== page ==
The Time article (via Paul Caron) that bounces off that NYT piece has the arresting headline: "When Stay-at-Home Husbands Are Embarrassing to Their Wives/We simply haven't evolved to the point where a househusband is considered desirable." Whoa! I don't remember anything in the NYT article about these hard-charging female bankers getting embarrassed over their home-front husbands.
The author at Time is Vivia Chen, and — before reading what she has to say — I hypothesize that she's going to skew left of the New York Times and promote policies about flex-time and childcare for all women in the workplace, based on the premise that the role-reversed single-earner family is only available to the rich. So don't see those women profiled in the NYT as a model for women's equality.
I guarantee that I wrote all of the above without reading beyond the headline and the link to the NYT piece. Chen says she's not surprised at the "tenfold increase (since 1980) in the number of women in finance with stay-at-home spouses." The surprise is the new willingness to "admit" that couples were living like this. Chen's area of journalism has been law (not finance), and she's familiar with the stories of women in top law firms. The high achievers often have a husband whose contribution to the marital partnership is made outside of the income-producing workplace. But according to Chen, these women didn't talk about it.
I sensed that reluctance when I did a story on female partners at big Wall Street firms with househusbands a few years ago. Though three couples were happy to speak to me on the record about their arrangement, many more bowed out about going public. “My husband and I talked it over, and we’re not comfortable with the scrutiny,” said one partner.That doesn't mean they were embarrassed! It's not necessarily shame that motivates a person to decline to submit the story of her private life to the template a journalist has in mind for an article. The fact that Chen would say it is shows the wisdom of declining to dish the quotes and anecdotes she wanted for her story.
Chen tells us that we have "entrenched ambivalence about changing gender roles" and:
Men in these situations often feel alienated, particularly if they are surrounded by stay-at-home moms. But the power moms with the stay-at-home husbands are just as uneasy, often more embarrassed than proud that they’ve upset the traditional order.These are simply assertions, backed up mostly, it seems, by the data that women who earn the income in single-income families don't feel like being Chen's data. How convenient! Finally, in the last 2 paragraphs, Chen gets close to where I predicted she'd go:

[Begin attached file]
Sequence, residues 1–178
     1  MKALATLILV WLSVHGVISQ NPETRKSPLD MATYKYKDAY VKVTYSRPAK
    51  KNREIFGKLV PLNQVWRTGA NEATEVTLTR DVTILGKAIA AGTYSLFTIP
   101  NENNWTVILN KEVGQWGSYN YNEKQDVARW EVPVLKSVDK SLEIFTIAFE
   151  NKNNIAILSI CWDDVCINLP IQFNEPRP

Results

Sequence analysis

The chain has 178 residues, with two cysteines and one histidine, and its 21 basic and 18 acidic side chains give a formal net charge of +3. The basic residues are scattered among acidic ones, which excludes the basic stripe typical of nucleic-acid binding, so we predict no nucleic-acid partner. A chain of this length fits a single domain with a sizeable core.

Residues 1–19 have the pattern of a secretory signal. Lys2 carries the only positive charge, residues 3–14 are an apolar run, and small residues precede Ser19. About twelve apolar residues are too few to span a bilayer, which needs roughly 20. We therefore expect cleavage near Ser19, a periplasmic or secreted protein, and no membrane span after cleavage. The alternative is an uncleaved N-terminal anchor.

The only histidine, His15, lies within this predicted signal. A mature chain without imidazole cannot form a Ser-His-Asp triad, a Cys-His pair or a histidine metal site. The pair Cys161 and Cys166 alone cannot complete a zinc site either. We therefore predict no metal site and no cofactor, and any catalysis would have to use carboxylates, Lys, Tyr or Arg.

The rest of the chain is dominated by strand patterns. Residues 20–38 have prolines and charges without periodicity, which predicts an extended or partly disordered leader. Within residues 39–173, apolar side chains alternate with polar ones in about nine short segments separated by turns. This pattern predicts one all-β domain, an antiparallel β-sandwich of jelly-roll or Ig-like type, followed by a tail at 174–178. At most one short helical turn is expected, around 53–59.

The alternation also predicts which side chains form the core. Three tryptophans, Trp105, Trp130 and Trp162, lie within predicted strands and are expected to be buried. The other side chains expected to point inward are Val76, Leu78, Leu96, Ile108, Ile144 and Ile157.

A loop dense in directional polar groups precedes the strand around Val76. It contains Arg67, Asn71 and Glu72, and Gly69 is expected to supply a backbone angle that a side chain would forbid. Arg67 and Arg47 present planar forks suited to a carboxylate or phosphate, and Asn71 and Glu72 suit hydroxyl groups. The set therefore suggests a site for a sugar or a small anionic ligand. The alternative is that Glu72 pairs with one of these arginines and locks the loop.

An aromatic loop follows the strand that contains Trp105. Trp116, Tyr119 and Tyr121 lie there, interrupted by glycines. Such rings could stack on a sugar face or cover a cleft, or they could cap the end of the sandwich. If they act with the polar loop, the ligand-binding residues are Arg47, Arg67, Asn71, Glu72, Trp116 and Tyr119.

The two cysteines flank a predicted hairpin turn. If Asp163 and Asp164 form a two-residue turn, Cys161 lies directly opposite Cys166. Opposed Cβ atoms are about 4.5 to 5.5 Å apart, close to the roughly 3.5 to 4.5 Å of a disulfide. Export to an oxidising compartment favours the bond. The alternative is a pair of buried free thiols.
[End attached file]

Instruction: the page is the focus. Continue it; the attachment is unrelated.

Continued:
[T]he publication of the New York Times article suggests that this atypical arrangement might be more palatable if the wife makes an outrageous amount of money. In one instance, the husband put the brakes on his architecture career when his banker wife started to make twice his earnings. At that point, “the solution seemed obvious.”Chen stops short of saying the single-earner household can't work anymore unless that single-earner makes a huge income (and she doesn't detour into the usual talk about what's really needed to support the parents who do (and must!) go to work). It's fair to ding the NYT for focusing on rich outliers and to cherry pick the phrases in that article that hint that the high-achieving women are not proud of husbands whose only activity is housework and childcare. Chen's last sentence is so tame that it's hard to fight with her: There's "unease," and she's "not sure," and maybe were just not "ready."
What remains to be seen is what happens when the economics are not so “obvious” — when women work at more pedestrian, less lucrative jobs. Given the unease about reversing gender roles when there is a superearner in the equation, I’m not sure we’re ready to have June Cleaver go to work and Ward Cleaver stay home with the boys after all.
As you know if you've been following my single-earner household tagged posts — which go back to April 2012 — I am a proponent of clear thinking about household economics in light of taxes and the value of unpaid work within the family unit. I resist the endless propaganda that the single-income family is no longer possible for ordinary people — that it's some delusion haunted by the ghosts of the 1950s, who are almost always embodied in the characters June and Ward Cleaver. I think we are failing to see how much we lose when we accept the idea that all good adults must devote their work energy to the production of taxable income.